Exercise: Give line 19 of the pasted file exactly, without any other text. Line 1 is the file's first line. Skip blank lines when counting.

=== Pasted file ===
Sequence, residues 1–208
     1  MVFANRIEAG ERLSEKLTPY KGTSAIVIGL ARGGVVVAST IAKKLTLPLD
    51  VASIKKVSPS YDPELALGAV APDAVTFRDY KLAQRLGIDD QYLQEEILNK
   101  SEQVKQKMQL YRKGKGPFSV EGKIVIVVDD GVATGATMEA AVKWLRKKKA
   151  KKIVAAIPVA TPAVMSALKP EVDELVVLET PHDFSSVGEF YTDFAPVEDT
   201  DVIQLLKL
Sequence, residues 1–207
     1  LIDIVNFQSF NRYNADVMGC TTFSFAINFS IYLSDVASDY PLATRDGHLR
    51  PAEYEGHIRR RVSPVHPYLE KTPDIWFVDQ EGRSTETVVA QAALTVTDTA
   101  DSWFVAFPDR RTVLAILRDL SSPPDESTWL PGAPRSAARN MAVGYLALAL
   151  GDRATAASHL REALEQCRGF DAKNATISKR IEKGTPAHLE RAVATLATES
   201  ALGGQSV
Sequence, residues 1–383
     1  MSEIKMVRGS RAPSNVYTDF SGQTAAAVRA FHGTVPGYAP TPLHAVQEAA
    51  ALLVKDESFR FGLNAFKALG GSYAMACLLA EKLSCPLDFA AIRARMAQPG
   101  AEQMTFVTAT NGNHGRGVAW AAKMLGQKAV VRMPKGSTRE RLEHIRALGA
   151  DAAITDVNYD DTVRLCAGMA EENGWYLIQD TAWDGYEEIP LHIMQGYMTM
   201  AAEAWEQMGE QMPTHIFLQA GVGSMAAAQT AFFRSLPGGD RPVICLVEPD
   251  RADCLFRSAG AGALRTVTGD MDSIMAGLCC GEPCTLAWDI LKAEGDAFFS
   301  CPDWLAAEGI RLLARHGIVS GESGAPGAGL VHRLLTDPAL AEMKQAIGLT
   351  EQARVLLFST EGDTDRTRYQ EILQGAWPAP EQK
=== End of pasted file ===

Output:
   251  RADCLFRSAG AGALRTVTGD MDSIMAGLCC GEPCTLAWDI LKAEGDAFFS